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Injury, age or bad luck all plausible explanations for Patrick Kane’s lack of goals

Kane’s goal Thursday was only his eighth of the season and his first since Dec. 4. He’s scoring on only 3.6% of his shots, barely half of his career average.

Most of Patrick Kane’s points this season for the Blackhawks have been assists, not goals.
Jonathan Daniel/Getty Images

One practically could watch the gears in Patrick Kane’s head turn as he held the puck Thursday along the half-wall.

The Blackhawks winger considered a cross-ice pass to Alex DeBrincat. Then he considered sending it down to Jonathan Toews in the crease. Then he considered finding Brandon Hagel, who’d crept into the high slot. Then he considered Toews again. Then he decided to shoot it.

The shot was the right decision. It fooled Canadiens goalie Sam Montembeault — who was cheating toward a Toews tip attempt — and gave Kane his first goal since Dec. 4 and eighth of the season.

It ended a streak of 88 consecutive shots (spanning 13 games) that hadn’t gone in the net, an uncharacteristic drought that had weighed on him.

“[This has] been probably one of the more frustrating years for me personally, so far,” Kane said Wednesday. “There have been numerous times where I could’ve cashed in and scored goals, and I’ve had chances to do so. It’s frustrating when you feel [like] that’s a strong part of your game and it’s not a part that’s working for you.”

Even after scoring Thursday, he’s still averaging only 0.24 goals per game this season, the lowest rate of this career. This comes on the heels of his 0.26 average last season, which was his worst since his rookie season. By comparison, in 2015-16 — his most prolific season — he averaged 0.56 goals per game.

Kane’s steady stream of assists — he has 25 in 33 games — has kept him at a full point-per-game pace at least, but he’s not programmed to accept silver linings.

“You’re always trying to make the right play as an offensive guy, then let the goals and assists work themselves out after that,” he said. “But you always want to contribute. ... If I can not worry about it but start doing it more often — more like I’m accustomed to — it’s going to help this team.”

So why have goals been so hard to come by for Kane?

One plausible reason is his mysterious nagging injury, which also seemingly hampered him late last season. On many occasions lately, United Center crowds have cheered while watching Kane enter open ice with possession, expecting some wizardry, only to see defensemen quickly catch up or close him off, squashing any scoring opportunity.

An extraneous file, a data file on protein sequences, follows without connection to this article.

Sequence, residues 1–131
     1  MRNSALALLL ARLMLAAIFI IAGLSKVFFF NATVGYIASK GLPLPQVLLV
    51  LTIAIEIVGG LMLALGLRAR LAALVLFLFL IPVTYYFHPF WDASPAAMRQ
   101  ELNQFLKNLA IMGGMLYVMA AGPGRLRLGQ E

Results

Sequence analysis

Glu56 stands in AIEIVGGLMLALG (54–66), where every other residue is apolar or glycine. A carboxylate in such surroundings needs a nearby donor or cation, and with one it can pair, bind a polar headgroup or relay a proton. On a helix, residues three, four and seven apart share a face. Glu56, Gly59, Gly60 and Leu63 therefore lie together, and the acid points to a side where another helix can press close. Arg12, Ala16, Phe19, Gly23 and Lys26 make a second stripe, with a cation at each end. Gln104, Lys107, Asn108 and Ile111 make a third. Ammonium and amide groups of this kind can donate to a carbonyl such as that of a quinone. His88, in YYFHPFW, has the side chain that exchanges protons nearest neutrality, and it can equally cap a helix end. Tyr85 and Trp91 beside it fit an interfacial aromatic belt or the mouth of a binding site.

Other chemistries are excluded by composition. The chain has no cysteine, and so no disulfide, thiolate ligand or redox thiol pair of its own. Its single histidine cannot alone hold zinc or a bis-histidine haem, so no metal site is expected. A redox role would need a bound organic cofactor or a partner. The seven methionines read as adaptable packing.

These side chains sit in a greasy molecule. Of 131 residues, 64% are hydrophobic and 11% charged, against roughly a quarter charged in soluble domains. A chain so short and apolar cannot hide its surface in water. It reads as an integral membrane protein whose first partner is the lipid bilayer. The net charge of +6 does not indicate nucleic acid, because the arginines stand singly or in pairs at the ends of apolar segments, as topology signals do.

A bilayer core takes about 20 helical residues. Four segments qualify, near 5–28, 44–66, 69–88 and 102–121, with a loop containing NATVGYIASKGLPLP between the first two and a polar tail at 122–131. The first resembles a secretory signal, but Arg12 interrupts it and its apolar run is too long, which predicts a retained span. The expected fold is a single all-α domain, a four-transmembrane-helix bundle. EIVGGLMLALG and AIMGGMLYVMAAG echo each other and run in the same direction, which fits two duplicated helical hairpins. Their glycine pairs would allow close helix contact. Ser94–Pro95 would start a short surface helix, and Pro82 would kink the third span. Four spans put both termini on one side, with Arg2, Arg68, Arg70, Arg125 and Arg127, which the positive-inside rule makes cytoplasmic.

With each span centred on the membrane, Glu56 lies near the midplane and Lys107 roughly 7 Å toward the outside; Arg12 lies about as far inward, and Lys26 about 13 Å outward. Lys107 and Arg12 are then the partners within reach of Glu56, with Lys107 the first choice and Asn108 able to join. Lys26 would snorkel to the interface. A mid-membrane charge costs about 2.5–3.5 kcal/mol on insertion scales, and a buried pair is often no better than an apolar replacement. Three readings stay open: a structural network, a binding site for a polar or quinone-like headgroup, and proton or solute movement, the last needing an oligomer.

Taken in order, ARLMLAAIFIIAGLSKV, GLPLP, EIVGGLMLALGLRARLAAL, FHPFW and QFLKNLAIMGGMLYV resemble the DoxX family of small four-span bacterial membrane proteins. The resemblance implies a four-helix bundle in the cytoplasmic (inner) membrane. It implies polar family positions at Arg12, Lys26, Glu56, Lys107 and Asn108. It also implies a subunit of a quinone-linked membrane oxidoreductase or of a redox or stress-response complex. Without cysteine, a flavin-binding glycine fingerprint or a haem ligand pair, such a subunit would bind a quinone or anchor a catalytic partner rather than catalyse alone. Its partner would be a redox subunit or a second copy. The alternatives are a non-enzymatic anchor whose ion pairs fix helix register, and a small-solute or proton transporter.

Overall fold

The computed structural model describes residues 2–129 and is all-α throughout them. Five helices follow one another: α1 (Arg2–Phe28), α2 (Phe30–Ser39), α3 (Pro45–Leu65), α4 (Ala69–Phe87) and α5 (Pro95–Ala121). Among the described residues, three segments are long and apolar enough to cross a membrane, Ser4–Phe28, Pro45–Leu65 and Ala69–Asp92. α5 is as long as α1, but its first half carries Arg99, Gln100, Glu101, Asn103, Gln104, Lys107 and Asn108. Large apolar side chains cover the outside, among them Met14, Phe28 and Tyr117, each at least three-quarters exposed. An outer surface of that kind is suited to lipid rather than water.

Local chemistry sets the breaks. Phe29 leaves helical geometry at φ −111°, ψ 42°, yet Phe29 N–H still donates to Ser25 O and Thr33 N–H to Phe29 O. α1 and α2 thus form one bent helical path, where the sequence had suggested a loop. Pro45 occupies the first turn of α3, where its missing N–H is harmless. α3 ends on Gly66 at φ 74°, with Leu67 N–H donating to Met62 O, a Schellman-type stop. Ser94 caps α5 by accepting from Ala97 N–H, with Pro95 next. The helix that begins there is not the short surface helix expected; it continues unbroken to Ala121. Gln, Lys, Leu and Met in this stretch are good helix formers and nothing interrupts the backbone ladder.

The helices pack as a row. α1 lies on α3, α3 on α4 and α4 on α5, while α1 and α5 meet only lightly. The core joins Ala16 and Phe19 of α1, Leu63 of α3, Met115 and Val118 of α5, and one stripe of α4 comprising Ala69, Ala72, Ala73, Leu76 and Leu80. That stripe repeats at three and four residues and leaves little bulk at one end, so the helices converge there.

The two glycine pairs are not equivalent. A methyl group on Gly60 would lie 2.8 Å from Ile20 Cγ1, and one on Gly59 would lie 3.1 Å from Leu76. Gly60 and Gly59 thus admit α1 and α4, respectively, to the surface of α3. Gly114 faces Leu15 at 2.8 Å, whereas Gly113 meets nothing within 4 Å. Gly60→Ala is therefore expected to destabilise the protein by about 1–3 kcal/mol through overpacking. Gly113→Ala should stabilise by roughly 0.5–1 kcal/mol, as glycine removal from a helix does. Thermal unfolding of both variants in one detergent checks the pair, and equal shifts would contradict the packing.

Kane insisted again his injury isn’t hindering him, arguing “everyone’s dealing with something at this point.” And he attributed the aforementioned example to “different situations,” such as “when you don’t have all your momentum going forward” upon receiving the puck.

But although Kane might be reluctant to make the injury an excuse publicly, it could well be a factor behind the scenes.

Even if it’s not, though, there’s also the inevitable influence of age. He’s 33, several years beyond his prime. He has held up fairly well, but every player — especially players with over 1,200 career regular-season and postseason games — slows down eventually.

Lastly, bad luck deserves some of the blame, too. Kane has hit posts or crossbars eight times this year, tied with the Wild’s Kevin Fiala for second-most in the NHL (the Bruins’ David Pastrnak is first). And when his shots have been on goal, goalies have a .933 save percentage against them.

Add it all up, and Kane has scored on just 3.6% of his shots, barely half of his career average of 6.8%. That percentage is bound to regress toward the mean.

And while hearing that hardly would -relieve Kane, interim coach Derek King — who can afford to take a slightly bigger-picture view — seems to realize it’s accurate.

“He has been even-keel,” King said. “He has had opportunities, and eventually it’ll go in. But that being said, he’s still making things happen when he has the puck. So that’s all we have to worry about.”